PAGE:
It’s a book I’ve wandered through, a bit here, a bit there, an intentional not rushing. It is a memoir, after all, and I’ve liked it that way. Some room to roam, wide spaces in which her life story could slowly unfold.
Or so I thought until I came to this line.
Simple pleasures, more peace, fewer voices.
That’s how singer/songwriter Shawn Colvin describes the years of her life that fell between addiction and motherhood. For her, it was a quiet time of sobriety and self discovery.
It’s just how I feel in this not rushing interlude in my own life (the real reason, no doubt, I am moving slowly through Diamond in the Rough). For the first time in 30 years, there is space in most days, time to choose between options, options not dictated by responsibility or need.
I still go to work, of course, to a job I have loved for 30 years. It is as demanding today as it was back then—maybe more so, as the stakes are higher now. But I no longer attack it with the zeal of a 20-something determined to make a name for herself. Work today is sweeter, more meaningful. The work itself feels more confident, and I feel a little less exhausted getting it there.
And there’s the fact that my daughter is grown and (mostly) living a life of her own. I no longer spend evenings packing lunches or calling out spelling words or driving the 40 mile round trip to Nutcracker rehearsal. I come home from work, fix dinner, then have that glorious, relaxed, wonderful moment when I think: Hum. What do I want to do tonight?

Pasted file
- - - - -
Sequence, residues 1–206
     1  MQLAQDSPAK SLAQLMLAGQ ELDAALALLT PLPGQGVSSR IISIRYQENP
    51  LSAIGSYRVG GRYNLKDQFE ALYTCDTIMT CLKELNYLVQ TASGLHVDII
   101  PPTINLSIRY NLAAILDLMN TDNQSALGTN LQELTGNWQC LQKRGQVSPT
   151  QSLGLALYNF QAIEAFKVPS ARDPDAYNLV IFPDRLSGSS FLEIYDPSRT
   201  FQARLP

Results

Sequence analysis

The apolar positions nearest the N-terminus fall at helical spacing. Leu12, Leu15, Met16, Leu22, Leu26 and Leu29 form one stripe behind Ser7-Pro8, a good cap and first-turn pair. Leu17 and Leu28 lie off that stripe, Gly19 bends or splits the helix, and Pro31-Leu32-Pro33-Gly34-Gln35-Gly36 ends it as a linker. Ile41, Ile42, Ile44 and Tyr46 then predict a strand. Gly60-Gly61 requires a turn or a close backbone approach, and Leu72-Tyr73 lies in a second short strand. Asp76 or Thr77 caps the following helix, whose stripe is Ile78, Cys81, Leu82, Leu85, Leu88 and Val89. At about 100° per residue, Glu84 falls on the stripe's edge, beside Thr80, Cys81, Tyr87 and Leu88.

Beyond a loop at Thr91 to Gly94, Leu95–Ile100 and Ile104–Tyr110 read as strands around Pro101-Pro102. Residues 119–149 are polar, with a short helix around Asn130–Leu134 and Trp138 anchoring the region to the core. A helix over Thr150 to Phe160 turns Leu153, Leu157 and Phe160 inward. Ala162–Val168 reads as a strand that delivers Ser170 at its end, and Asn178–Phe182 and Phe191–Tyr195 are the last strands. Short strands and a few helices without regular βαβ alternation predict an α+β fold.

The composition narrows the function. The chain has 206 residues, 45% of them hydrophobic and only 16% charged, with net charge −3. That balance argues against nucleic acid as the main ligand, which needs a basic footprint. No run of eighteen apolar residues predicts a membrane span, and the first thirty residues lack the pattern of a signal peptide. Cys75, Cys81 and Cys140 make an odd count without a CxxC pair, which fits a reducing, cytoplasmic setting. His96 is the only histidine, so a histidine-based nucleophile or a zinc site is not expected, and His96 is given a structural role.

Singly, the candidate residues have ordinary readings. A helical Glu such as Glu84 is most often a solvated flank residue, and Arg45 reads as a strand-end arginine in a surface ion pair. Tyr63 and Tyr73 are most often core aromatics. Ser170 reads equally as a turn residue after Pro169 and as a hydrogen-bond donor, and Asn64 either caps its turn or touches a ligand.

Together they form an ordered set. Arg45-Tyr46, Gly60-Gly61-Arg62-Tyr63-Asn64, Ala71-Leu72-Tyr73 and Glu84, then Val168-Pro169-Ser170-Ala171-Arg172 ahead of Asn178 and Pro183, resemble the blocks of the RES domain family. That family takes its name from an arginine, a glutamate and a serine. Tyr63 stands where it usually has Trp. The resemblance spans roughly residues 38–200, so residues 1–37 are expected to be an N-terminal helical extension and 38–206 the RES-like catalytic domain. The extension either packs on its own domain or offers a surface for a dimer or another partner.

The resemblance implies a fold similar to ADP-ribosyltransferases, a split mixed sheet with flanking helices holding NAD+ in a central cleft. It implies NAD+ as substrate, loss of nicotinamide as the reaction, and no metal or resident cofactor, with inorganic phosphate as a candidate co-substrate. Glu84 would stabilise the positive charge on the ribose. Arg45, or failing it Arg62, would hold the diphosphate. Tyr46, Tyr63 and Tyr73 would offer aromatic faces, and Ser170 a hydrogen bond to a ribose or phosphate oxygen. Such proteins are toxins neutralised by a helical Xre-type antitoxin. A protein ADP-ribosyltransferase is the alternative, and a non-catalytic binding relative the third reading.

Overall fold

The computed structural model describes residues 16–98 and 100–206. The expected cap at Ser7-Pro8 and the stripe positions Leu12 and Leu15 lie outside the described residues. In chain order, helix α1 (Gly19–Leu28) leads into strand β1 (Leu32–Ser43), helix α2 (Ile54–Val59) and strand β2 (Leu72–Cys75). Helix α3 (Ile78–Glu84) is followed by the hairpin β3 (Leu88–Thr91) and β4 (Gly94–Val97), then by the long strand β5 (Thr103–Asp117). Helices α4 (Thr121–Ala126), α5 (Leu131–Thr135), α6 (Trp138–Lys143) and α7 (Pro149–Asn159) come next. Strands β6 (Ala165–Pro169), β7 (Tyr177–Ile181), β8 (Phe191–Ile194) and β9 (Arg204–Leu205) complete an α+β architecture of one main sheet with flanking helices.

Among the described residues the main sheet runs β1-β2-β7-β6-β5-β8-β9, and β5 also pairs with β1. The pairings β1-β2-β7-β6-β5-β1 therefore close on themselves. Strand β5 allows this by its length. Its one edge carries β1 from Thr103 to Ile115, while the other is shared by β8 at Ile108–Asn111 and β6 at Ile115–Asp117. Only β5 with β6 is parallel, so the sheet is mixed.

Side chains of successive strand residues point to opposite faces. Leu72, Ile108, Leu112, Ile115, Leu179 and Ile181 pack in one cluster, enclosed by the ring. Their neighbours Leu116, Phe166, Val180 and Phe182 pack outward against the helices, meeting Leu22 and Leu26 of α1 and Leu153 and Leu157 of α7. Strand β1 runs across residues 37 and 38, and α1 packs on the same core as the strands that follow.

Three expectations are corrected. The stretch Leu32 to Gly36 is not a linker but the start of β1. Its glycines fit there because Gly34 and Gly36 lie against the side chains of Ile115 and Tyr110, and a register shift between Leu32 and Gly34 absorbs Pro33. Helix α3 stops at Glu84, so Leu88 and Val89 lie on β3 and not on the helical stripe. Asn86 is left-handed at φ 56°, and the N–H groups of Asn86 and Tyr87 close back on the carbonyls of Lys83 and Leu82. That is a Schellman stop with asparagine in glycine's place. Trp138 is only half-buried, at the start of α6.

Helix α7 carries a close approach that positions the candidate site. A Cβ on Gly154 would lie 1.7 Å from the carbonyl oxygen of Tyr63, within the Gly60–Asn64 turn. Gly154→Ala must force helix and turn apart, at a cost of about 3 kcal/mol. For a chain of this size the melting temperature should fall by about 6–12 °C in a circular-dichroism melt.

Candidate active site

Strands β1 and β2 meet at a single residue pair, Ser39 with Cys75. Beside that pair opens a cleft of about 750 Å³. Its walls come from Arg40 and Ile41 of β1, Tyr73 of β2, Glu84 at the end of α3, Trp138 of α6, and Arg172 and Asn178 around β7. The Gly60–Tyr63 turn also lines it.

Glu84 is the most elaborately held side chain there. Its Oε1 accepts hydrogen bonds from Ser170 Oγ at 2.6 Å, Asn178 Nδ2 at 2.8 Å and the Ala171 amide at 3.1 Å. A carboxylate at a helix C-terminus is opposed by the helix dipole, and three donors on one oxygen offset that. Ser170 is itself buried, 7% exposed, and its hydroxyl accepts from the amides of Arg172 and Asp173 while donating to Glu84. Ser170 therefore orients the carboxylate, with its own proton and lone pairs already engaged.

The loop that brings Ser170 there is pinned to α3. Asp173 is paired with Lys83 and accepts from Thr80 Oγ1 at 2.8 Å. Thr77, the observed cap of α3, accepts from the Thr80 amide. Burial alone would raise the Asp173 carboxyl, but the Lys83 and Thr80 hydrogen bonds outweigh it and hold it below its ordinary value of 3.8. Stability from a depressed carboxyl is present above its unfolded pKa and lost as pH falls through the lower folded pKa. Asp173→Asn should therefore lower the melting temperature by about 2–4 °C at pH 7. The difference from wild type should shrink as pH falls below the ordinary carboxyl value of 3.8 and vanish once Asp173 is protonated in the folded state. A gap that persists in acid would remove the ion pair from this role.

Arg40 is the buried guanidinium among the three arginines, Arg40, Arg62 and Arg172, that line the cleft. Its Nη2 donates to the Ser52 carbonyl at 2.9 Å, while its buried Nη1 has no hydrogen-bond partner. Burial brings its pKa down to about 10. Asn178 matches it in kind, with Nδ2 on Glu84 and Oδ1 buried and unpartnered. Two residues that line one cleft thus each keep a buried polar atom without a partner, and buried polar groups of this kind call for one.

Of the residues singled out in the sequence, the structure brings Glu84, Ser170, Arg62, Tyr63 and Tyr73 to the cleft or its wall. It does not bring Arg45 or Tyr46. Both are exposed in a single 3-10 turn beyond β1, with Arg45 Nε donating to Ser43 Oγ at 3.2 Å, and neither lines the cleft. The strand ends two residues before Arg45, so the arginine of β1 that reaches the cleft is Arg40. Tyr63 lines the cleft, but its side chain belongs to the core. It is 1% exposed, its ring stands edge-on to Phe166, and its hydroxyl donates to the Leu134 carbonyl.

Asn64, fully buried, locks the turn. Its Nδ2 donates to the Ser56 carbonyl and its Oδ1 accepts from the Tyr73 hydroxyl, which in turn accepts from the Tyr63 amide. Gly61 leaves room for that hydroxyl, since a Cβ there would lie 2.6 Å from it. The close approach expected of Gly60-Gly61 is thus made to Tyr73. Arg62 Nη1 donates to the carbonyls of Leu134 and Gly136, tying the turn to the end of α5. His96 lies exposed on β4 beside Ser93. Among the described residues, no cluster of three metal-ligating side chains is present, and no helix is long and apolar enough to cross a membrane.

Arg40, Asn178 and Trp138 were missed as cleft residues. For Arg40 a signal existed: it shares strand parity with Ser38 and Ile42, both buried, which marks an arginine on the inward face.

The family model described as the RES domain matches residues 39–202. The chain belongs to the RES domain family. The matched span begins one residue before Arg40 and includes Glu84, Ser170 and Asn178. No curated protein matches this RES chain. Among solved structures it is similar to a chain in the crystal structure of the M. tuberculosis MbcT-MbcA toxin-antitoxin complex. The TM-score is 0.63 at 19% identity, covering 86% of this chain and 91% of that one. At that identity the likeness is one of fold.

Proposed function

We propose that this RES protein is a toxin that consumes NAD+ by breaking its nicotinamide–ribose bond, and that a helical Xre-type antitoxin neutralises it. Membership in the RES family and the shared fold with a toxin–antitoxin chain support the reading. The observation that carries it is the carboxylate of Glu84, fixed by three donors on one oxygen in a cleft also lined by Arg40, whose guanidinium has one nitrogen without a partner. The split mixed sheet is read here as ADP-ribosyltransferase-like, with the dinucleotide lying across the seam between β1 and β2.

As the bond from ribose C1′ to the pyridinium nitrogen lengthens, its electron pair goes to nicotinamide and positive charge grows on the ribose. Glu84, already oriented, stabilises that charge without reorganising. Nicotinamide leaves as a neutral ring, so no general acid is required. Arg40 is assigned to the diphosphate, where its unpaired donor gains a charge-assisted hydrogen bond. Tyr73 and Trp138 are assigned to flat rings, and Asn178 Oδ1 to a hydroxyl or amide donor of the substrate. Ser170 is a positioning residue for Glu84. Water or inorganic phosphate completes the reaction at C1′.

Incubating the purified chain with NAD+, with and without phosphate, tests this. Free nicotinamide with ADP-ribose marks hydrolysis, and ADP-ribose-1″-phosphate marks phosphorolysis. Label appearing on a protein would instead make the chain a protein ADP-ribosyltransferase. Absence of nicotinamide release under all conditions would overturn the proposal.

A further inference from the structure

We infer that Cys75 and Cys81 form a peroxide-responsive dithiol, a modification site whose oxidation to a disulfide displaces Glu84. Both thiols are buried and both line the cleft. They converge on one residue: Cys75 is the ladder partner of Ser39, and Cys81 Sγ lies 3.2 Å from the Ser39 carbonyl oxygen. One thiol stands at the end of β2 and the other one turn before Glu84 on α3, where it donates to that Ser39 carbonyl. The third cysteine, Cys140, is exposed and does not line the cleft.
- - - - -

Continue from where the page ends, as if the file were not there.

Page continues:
It is the grandest of luxuries, I know. But here is the point. What surprises me is how often I go for the option that offers the greatest quiet. We walk through the neighborhood, my husband and I, with our sweet little dog. Or we take a glass of wine and sit by the pond. Sometimes I write, most often alone in the bedroom with the door closed. (I’ve never mastered the skill of writing with any commotion around me.) I wander around the internet, reading blogs I love, looking at paintings by artists I’ve never met, reading recipes too complicated to ever make their way into my repertoire. And still I linger.
It is a sacred space, this spot. Like Shawn, I’m finding the pause to be a wonderful time of introspection and self discovery. And I am grateful to her for her honesty and guts in writing Diamond in the Rough, in coming clean about a life not nearly as tidy or glamorous as it looks from the outside, as it looks from a distance beneath the bright stage lights.
We’ve all fought our battles, it’s true. How lovely it is to have a little time—a little peace and quiet—to refortify.